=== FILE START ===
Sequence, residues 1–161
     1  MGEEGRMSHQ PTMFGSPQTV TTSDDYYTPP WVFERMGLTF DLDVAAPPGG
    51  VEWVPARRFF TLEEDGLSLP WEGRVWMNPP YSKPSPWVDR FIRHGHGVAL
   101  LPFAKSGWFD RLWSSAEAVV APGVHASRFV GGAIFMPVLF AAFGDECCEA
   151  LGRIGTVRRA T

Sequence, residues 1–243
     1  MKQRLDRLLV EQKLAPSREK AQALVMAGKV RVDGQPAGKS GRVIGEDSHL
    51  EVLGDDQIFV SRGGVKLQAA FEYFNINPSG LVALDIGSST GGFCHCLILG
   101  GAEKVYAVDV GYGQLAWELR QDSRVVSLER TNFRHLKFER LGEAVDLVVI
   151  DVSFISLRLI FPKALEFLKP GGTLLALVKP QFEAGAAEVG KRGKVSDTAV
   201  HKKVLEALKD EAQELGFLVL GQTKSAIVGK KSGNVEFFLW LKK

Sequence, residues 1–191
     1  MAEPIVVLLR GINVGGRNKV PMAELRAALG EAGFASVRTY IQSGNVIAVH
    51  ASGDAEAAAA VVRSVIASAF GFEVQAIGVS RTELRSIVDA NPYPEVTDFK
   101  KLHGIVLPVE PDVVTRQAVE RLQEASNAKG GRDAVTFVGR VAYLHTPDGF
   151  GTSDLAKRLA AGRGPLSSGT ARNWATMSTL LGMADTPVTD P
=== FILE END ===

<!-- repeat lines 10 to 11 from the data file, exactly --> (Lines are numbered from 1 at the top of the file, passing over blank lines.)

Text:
   151  DVSFISLRLI FPKALEFLKP GGTLLALVKP QFEAGAAEVG KRGKVSDTAV
   201  HKKVLEALKD EAQELGFLVL GQTKSAIVGK KSGNVEFFLW LKK